Out of Place
Lora Reynolds Gallery, Austin
Through March 5
by Ali Fitzgerald
Out of Place (Exhibition view)
The videos included in Out of Place at Lora Reynolds Gallery seem more cinematic than D.I.Y., with sweeping panoramas and slick accompanying stills. Curator Noah Simblist told me later that "none of the artists wanted their art reduced down to a blanket political statement,” but rather sought to dodge political cliché through attention to the works’ physicality, a strategy repeated throughout the exhibition’s works in various mediums.
Yael Bartana's work Mur i Wieza (Wall and Tower) (2009), constructs a revisionist narrative in which a group of Israelis return to and reclaim their Polish homeland by erecting a small settlement in Warsaw. In Wall and Tower, Bartana crafts a seductive homage to Zionist propaganda films and the mechanics of nationalism. The actors, mostly strapping young Israelis, build wooden structures using the same wall and tower method employed in some concentration camps. Bartana's camera sweeps across the expressions of vacant idealism on their faces with loaded glee, reminding me of the 1960 movie Exodus starring Paul Newman as an embattled Israeli fighter, imploring his brothers and the audience to cheer for a new Jewish homeland. Bartana borrows from this sexy Hollywood vocabulary to great effect, even stamping the entrance to the black-box video space with a personally derived icon: a powerful merger of the red Polish national crest (which is eerily similar to the Nazi eagle) and the Star of David.
Where Bartana repurposes symbols of might, Jan Tichy presents paper monuments that are striking in their frailty. With Dahania (2006), Tichy memorializes the short-lived Palestinian airport with two black and white models, easily collapsible and sad, perched on a small bank of sand in the middle of the gallery. In describing this work, Simblist notes an "efficiency" of gesture. Tichy's small melancholic moment is echoed by Tom Molloy's hanging cut paper recreation of U.N. Security Council's Treaty 242, which is nearly impossible to read thanks to the machinations of a nearby fan. As I attempted in vain to read the text, I had to laugh at such a perfect little metaphor for the obliqueness of legal language and the slippery nature of multi-state solutions.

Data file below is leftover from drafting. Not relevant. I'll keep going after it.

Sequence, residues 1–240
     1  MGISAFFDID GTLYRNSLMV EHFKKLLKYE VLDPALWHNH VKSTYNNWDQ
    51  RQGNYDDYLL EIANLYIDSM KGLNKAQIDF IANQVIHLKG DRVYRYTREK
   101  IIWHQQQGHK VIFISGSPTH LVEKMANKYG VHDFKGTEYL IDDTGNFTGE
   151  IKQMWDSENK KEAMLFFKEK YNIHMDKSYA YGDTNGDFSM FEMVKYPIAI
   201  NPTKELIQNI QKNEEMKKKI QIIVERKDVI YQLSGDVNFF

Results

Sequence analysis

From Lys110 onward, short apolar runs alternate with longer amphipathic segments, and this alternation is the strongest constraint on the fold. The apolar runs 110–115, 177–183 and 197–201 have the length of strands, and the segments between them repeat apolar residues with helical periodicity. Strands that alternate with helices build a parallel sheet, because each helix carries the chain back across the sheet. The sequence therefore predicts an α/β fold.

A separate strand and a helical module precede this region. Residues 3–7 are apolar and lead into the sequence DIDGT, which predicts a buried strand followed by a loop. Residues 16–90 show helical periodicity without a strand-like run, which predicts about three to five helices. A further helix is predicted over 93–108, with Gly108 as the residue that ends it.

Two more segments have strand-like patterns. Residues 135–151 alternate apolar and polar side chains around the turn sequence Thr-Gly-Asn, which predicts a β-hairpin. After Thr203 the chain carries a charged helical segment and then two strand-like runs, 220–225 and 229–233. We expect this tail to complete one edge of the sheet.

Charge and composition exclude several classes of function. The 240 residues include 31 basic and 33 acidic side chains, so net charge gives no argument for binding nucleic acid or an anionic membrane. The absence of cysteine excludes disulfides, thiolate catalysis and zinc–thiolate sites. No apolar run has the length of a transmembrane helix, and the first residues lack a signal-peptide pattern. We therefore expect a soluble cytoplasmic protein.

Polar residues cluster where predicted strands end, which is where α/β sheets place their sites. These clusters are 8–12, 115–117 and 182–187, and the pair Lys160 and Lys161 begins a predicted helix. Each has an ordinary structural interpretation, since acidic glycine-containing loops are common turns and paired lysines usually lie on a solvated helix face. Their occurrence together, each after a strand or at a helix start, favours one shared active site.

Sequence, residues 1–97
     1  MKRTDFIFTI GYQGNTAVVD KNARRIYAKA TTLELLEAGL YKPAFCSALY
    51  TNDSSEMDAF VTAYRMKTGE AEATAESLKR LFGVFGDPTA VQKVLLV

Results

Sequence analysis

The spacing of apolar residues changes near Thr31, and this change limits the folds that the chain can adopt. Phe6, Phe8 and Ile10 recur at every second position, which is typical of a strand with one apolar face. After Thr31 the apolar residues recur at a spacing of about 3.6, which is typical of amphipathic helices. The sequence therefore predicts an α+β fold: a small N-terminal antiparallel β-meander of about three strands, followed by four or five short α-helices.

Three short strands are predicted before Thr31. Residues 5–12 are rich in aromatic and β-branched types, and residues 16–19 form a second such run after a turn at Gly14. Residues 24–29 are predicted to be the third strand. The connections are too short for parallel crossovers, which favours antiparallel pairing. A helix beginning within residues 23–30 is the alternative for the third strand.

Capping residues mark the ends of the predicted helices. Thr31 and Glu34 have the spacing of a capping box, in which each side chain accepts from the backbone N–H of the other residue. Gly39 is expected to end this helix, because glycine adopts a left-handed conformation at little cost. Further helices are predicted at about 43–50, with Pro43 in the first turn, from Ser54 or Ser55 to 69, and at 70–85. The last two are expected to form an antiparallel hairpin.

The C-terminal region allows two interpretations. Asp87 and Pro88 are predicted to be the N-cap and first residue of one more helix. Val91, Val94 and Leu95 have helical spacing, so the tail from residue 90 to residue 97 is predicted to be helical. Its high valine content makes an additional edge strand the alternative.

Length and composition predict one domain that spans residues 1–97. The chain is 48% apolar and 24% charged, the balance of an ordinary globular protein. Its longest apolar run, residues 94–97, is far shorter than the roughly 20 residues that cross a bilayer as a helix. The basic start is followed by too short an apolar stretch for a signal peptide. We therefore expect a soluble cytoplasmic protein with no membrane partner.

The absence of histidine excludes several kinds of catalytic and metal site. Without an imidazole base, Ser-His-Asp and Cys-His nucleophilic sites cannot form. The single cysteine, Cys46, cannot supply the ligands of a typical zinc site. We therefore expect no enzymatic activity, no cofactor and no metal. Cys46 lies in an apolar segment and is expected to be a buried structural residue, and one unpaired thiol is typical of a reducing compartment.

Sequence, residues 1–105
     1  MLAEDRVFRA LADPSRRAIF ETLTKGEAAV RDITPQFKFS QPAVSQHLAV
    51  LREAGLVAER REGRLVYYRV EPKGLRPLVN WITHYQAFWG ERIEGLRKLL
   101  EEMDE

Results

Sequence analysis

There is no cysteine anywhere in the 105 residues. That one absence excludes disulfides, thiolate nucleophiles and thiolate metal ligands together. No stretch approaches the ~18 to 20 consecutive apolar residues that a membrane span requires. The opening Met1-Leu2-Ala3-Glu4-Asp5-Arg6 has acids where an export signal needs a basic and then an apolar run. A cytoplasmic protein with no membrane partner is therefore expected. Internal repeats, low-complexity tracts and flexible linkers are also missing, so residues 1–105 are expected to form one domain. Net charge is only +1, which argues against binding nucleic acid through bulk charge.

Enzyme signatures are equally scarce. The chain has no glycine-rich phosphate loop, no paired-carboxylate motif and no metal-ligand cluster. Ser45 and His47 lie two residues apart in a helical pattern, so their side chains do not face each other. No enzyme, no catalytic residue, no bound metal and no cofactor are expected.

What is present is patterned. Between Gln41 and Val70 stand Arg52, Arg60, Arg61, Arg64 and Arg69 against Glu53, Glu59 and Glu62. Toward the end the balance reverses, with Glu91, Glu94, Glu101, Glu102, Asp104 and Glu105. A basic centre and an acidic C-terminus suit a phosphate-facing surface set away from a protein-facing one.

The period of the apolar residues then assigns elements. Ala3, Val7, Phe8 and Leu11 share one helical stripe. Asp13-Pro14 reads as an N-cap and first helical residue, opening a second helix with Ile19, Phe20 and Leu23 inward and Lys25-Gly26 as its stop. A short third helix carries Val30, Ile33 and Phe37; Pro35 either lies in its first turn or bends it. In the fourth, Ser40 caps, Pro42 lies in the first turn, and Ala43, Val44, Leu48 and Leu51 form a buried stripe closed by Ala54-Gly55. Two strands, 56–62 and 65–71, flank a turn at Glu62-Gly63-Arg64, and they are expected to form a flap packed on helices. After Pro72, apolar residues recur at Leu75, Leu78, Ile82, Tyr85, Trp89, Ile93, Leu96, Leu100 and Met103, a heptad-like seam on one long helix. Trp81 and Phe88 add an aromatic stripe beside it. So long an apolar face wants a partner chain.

The fan was actually intended for Nida Sinnokrot's West Bank Butterfly – Kite Project (2009) across the room, which billows in reference to the shifting topography of modern Palestine. The kite is shaped from the contours of dueling West Banks, and, when presented alongside Sinnokrot's endangered butterfly native to the region and a small Gaza-shaped paper butterfly pinned to the wall, it exudes an ephemeral preciousness, clear and plaintive.
Possibly the most compelling piece in Out of Place is Oded Hirsch's absurdist epic Halfman (2009), in which he pushes his wheelchair-bound father through the muddy flats of North Israel. After a Sisyphus-style journey through the muck, a group of faceless workers hoist his father onto a wooden platform perched above the ocean in an act that seems equally perilous and pointless. Hirsch's imagery is haunting and primordial: swollen feet, mud, rippling endless waves and a solitary wooden fortress. Referencing Hirsch's clear admiration of absurdist theatre, Simblist informed me that contemporary Israeli fiction is characterized by an interest in the absurd and surreal (see the short stories of fiction writer Etgar Keret).
Out of Place focuses on the Israel-Palestine conflict, but speaks more generally to ideas of displacement and physical otherness. I found a particular resonance in this, as I feel somewhat distant both from my American and quasi-German identities (although my waistline is repatriating quickly).
When I met with Simblist for coffee, we spoke of his interest in artist-led political projects because they aren't "beholden to facts" the way journalists or historians are. We also talked about Egypt, Joe Sacco's Notes on Gaza and the visual hallmarks of Simblist's own work, which investigates the aesthetics of signage and propaganda. In discussing the panic-inducing mainstream news machine, Simblist stated that his show "should be displaced from the language of mainstream media." And thankfully it is.
Ali Fitzgerald is an artist and comics writer living in Berlin. She contributes regularly to the PBS blog Art:21 and recently started a visual travelogue for The Huffington Post.